So many parents are quick to cover up their emotions and thoughts with their partners and children and by doing so we get into a state of isolation, feel alone and helpless.  This is because we’ve been taught we can’t share or acknowledge or even show our emotions as children.  Most people can remember times when they may have cried or been upset and our parents response was something like “It’s fine, you’ll be OK, Stop crying!”.  This taught us that we couldn’t trust or show our emotions.  We weren’t allowed to have them.  So we grow up feeling like we can’t share them or acknowledge them even with those who love us deeply… like our partners and children.  We use statements like “I’m fine!” when we are clearly not.

An intimate relationship is the opposite of this… it’s a solution to our feeling alone and isolated.  Healthy intimacy is not specfically about sex!  It’s about being comfortable enough to be and express who we really are and being fed back that we’re OK, we’re loved and we’re accepted.  Healthy intimacy doesn’t require that we do or be something other than what we are for another person and it’s OK and safe to disagree with someone else we’re intimate with.  Unhealthy intimacy can look like manipulation based on our relationship (“If you loved me, you’ll do xyz”) or it can be exposing ourselves to those who we don’t know well (e.g. talking about your rotten relationship problems with someone you met in an elevator).   It’s with those that truly love us that we need to reveal who we are and feel safe that we will be accepted.

What is intimacy?  (in·ti·ma·cy  or in-tuh-muh-see]


  1. the state of being intimate.
  2. a close, familiar, and usually affectionate or loving personal relationship with another person or group.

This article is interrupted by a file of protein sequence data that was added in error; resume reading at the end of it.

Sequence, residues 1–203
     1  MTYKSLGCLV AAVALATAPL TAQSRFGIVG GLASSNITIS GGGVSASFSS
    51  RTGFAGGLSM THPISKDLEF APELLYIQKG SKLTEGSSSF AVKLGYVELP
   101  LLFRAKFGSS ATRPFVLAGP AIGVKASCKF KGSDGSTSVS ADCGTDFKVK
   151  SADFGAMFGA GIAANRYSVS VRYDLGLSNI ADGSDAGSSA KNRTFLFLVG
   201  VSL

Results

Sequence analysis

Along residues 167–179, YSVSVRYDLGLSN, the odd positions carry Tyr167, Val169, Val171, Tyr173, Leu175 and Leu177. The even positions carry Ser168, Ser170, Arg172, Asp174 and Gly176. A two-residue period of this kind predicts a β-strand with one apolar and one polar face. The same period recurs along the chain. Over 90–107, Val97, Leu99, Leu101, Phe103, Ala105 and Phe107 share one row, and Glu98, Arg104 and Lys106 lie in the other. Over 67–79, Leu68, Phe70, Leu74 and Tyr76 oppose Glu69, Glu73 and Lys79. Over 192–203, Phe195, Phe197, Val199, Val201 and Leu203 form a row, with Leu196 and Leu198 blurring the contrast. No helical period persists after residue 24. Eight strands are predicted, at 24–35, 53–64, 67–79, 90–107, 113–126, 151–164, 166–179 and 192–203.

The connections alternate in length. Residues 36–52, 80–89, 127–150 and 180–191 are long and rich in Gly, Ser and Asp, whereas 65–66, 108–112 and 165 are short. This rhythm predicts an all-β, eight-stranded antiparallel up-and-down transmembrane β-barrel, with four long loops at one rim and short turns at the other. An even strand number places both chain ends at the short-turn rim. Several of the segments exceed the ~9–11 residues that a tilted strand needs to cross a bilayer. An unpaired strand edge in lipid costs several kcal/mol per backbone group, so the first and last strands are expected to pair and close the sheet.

3. a close association with or detailed knowledge or deep understanding of a place, subject, period of history, etc.: an intimacy with Japan.
  4. an act or expression serving as a token of familiarity, affection, or the like: to allow the intimacy of using first names.
  5. an amorously familiar act; liberty.

via Intimacy | Define Intimacy at

Healthy Intimacy takes Discernment

Trust is often required when we reveal who we really are as we often have been brought up to use the signals we get from others to determine our self worth.  For example, when we first get with our partner, we may hold parts of our personal story back because we are afraid that they will find us less desirable or loveable if they knew the full picture.  This implies that we already do not accept ourselves!  How can we possibly feel accepted by our partner if we don’t accept ourselves?  We can’t!

When the timing is right, it’s important that with those we love and want to be intimate with that we share the full picture of us.  That includes our children.  Often we hold how we feel and think back from our children leaving them in the dark to our internal world.  The gift of sharing that information means that our children learn about us truly!  Instead of saying “I’m fine”, take the time to share what’s going on in your world so that they begin to understand you better.  If you’ve had trauma and tragedy in your history, pick an appropriate moment to share it calmly and explain what happened, how it happened, the effect on your life and how you felt and feel about it now.